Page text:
My research attempts to measure the transparency and integrity of researchers’ decisions, and to identify the factors that shape these decisions (e.g. norms, commitments, information, incentives, etc.). I am committed to open access and to fully disclose datasets, coding books, syntax, etc. I am also training myself on reproducibility. Substantively, my interest is in the following disciplines: labour economics, criminology and education research.
So far I have worked on the following topics:
(1) (Cluster) sampling bias;
(2) Outcome reporting bias;
(3) Time discounting and time preference for evidence;
(4) Sponsorship bias.
However, I am interested in all areas of meta-research. Please get in touch if you would like to co-author papers with me.
1. (Cluster) sampling bias
For pilot or experimental employment programme results to apply beyond their test bed, researchers must select ‘clusters’ (i.e. the job centres delivering the new intervention) that are reasonably representative of the whole territory. More specifically, this requirement must account for conditions that could artificially inflate the effect of a programme, such as the fluidity of the local labour market or the performance of the local job centre. Failure to achieve representativeness results in Cluster Sampling Bias (CSB).
This paper makes three contributions to the literature. Theoretically, it approaches the notion of CSB as a human behaviour. It offers a comprehensive theory, whereby researchers with limited resources and conflicting priorities tend to oversample ‘effect-enhancing’ clusters when piloting a new intervention. Methodologically, it advocates for a ‘narrow and deep’ scope, as opposed to the ‘wide and shallow’ scope, which has prevailed so far. The PILOT-2 dataset was developed to test this idea. Empirically, it provides evidence on the prevalence of CSB. In conditions similar to the PILOT-2 case study, investigators (1) do not sample clusters with a view to maximise generalisability; (2) do not oversample ‘effect-enhancing’ clusters; (3) consistently oversample some clusters, including those with higher-than-average client caseloads; and (4) report their sampling decisions in an inconsistent and generally poor manner.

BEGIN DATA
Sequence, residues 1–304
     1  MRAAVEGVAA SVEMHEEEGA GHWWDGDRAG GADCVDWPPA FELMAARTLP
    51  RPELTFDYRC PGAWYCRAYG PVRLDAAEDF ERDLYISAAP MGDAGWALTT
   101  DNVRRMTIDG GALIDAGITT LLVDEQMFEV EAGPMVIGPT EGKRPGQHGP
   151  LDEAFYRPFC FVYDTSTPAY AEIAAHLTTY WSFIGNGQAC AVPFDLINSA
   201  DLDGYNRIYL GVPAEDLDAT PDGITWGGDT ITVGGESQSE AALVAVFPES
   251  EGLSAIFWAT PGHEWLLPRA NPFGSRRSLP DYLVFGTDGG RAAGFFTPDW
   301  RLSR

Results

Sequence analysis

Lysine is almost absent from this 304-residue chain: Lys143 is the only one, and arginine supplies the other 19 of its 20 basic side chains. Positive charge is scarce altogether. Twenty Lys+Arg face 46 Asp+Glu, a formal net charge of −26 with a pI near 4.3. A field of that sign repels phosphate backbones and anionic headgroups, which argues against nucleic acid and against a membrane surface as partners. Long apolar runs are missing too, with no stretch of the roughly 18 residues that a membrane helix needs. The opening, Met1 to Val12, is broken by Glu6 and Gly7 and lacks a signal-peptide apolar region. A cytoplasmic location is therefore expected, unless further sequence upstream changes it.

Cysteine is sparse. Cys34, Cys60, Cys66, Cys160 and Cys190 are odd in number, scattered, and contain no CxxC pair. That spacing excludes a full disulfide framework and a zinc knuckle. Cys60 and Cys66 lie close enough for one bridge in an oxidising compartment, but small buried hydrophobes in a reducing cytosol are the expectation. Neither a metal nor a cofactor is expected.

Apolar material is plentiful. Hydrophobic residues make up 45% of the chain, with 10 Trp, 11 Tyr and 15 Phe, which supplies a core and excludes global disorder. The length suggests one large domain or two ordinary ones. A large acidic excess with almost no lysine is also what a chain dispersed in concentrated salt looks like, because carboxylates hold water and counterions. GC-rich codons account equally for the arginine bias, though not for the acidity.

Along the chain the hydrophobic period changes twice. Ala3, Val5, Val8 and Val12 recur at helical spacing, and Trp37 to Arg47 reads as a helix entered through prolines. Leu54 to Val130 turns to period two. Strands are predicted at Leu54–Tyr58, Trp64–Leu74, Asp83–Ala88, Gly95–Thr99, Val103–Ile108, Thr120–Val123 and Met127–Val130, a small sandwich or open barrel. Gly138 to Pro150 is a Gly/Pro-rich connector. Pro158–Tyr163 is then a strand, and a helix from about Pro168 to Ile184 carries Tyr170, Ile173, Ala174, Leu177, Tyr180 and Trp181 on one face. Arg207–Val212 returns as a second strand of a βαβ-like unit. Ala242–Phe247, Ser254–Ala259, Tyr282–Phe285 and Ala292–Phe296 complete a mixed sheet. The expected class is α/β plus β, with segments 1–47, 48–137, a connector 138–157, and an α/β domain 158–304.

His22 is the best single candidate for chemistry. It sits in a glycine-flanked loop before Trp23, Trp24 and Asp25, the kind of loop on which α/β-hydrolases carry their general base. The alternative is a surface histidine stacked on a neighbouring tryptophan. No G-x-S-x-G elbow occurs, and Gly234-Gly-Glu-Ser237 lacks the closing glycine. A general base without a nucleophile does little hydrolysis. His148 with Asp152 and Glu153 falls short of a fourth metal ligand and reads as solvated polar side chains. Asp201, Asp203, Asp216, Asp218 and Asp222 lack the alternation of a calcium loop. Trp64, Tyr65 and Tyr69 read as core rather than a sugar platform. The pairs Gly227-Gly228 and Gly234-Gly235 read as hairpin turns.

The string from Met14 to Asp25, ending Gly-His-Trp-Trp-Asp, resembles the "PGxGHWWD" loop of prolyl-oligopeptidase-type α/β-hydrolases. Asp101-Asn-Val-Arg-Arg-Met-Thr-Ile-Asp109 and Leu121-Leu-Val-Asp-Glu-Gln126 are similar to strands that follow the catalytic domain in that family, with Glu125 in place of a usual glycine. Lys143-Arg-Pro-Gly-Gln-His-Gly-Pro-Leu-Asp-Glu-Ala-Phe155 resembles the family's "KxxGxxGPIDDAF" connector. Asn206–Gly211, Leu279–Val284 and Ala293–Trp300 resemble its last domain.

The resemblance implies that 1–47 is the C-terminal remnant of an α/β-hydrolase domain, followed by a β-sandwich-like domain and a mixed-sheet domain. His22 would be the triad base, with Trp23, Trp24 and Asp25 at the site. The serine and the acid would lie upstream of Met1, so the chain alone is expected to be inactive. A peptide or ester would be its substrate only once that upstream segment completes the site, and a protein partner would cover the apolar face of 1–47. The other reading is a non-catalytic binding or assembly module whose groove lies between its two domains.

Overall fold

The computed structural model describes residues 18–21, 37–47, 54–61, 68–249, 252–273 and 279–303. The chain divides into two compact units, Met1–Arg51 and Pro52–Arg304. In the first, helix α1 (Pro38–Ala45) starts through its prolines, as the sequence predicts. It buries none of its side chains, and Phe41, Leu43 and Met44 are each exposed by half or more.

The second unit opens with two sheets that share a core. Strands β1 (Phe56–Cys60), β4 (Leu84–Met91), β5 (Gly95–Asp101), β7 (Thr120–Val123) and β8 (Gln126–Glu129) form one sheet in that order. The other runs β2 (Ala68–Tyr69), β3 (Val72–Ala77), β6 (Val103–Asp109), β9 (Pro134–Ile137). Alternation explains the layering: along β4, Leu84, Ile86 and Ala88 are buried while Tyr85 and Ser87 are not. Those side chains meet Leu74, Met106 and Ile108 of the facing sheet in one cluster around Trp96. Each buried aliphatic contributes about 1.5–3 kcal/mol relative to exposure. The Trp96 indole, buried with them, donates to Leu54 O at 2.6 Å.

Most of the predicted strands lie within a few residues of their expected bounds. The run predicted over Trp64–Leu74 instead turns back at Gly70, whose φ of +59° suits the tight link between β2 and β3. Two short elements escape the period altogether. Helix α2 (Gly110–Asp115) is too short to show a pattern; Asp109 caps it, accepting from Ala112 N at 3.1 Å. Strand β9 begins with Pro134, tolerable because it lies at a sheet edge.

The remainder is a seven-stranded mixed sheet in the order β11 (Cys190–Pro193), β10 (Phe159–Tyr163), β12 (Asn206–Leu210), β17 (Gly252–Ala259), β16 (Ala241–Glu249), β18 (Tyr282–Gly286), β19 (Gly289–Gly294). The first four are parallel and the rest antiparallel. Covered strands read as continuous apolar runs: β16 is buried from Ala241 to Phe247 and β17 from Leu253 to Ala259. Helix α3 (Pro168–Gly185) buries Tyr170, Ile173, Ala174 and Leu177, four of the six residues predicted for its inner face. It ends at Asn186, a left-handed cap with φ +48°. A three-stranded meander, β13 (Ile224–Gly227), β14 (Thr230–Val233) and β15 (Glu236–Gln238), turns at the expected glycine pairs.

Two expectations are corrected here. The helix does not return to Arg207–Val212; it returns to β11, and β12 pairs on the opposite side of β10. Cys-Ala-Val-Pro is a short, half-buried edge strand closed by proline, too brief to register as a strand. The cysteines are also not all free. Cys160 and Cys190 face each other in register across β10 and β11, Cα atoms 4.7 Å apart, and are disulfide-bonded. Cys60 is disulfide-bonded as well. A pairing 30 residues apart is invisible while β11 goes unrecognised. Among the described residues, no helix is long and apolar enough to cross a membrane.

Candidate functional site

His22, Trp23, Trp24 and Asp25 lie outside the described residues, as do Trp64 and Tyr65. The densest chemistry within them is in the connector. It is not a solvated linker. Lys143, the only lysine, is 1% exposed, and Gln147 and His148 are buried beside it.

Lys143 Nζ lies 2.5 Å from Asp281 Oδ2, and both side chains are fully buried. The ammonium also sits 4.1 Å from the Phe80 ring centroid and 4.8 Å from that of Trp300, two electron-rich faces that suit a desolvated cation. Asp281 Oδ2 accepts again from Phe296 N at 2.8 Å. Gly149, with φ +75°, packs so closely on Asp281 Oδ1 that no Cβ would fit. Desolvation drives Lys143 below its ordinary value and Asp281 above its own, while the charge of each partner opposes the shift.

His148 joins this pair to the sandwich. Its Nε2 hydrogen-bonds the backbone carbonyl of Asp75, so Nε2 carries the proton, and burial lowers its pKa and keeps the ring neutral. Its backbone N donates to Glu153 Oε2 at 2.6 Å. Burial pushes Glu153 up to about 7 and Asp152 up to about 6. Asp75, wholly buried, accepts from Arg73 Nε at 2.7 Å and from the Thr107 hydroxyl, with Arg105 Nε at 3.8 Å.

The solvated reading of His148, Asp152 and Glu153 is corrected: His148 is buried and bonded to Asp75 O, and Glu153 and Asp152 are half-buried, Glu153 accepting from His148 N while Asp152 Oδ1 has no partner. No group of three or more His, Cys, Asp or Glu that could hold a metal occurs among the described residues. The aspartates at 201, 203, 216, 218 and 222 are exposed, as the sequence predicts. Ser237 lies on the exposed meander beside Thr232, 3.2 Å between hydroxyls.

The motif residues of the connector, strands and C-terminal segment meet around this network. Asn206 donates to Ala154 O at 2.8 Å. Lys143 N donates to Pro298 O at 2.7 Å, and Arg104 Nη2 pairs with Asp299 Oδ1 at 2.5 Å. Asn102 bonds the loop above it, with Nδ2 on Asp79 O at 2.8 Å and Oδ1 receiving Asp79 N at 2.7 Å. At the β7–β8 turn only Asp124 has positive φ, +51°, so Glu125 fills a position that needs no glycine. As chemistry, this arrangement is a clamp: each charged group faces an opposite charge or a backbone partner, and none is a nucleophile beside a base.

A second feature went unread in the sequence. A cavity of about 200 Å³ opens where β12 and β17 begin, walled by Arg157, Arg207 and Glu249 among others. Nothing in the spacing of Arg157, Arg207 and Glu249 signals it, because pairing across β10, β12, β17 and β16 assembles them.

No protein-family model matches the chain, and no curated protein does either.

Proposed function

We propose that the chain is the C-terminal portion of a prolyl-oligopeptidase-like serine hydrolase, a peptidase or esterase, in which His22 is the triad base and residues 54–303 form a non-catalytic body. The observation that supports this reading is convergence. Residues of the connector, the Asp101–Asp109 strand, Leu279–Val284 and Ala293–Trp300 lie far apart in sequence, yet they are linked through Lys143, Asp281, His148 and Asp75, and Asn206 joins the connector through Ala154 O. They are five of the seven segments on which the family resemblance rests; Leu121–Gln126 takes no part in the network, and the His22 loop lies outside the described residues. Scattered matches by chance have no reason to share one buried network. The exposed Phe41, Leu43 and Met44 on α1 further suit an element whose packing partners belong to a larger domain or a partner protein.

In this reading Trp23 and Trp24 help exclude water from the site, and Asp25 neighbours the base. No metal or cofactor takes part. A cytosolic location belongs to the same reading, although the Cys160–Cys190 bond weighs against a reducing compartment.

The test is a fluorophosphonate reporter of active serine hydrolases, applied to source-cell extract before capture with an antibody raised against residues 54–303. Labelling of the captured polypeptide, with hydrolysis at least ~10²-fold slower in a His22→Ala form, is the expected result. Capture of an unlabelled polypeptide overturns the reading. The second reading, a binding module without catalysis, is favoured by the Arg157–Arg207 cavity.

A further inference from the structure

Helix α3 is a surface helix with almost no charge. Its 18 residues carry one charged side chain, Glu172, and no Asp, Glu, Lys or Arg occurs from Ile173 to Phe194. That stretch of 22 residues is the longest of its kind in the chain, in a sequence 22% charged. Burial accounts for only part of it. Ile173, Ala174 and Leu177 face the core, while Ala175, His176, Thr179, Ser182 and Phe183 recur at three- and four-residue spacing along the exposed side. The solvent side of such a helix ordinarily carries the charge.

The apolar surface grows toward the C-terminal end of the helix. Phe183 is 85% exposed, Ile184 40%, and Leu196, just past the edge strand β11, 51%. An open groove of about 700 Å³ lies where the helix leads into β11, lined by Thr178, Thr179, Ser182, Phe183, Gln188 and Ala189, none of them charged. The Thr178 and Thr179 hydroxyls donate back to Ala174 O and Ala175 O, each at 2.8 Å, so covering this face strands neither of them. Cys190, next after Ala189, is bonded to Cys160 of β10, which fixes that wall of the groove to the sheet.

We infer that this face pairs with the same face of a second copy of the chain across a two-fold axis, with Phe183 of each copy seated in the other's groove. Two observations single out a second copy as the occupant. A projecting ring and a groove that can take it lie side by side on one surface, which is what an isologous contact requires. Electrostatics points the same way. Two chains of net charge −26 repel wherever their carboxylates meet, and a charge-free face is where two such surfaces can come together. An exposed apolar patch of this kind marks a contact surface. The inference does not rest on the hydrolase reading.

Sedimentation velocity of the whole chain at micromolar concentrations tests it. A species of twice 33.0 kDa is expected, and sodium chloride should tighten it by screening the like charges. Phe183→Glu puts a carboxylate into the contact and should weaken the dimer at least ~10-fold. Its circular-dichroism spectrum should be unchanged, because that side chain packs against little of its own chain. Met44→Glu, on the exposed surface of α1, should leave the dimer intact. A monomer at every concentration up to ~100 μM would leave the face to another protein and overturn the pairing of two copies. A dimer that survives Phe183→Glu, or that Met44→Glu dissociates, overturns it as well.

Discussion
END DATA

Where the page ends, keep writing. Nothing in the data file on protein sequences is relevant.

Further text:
In conclusion, although CSB is prevalent, it is still unclear whether it is intentional and meant to mislead stakeholders about the expected effect of the intervention or due to higher-level constraints or other considerations.
2. Outcome reporting bias
The reporting of evaluation outcomes can be a point of contention between evaluators and policymakers when a given reform fails to fulfil its promises. Whereas evaluators are required to report outcomes in full, policymakers have a vested interest in framing these outcomes in a positive light – especially when they previously expressed a commitment to the reform. The current evidence base is limited to a survey of policy evaluators and observational studies investigating the influence of industry sponsorship on the reporting of clinical trials.
The objective of this study was twofold. Firstly, it aimed to assess the risk of outcome reporting bias (or ‘spin’) in pilot evaluation reports, using seven indicators developed by clinicians. Secondly, it sought to examine how the government’s commitment to a given reform may affect the level of spin found in the corresponding evaluation report.
To answer these questions, the content of 13 evaluation reports were analysed, all of which found a non-significant effect of the intervention on its stated primary outcome. These reports were systematically selected from a dataset of 233 pilot and experimental evaluations spanning three policy areas and 13 years of government-commissioned research in the UK.
The results show that the risk of spin is real. Indeed, all studies reviewed here resorted to at least one of the presentational strategies associated with a risk of spin. This study also found a small, negative association between the seniority of the reform’s champion and the risk of spin in the evaluation of that reform. The publication of protocols and the use of reporting guidelines are recommended.
Status: revised paper submitted to PLOS One.
3. Time discounting and time preference preference for evidence
4. Sponsorship bias